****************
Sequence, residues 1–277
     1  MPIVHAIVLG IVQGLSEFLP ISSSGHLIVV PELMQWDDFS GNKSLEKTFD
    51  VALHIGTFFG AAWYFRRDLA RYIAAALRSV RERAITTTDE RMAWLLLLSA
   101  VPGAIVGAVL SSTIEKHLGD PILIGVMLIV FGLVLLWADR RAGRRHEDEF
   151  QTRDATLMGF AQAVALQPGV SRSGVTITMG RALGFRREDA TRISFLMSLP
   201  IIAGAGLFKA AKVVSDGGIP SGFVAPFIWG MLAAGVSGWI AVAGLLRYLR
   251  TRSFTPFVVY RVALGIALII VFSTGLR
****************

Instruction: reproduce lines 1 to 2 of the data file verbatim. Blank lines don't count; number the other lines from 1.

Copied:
Sequence, residues 1–277
     1  MPIVHAIVLG IVQGLSEFLP ISSSGHLIVV PELMQWDDFS GNKSLEKTFD